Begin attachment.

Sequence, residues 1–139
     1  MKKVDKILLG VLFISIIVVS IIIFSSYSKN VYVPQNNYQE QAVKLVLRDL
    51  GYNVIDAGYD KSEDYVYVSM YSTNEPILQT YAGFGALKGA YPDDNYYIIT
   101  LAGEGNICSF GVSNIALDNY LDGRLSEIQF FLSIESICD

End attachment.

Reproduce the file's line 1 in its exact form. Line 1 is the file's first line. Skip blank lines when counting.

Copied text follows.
Sequence, residues 1–139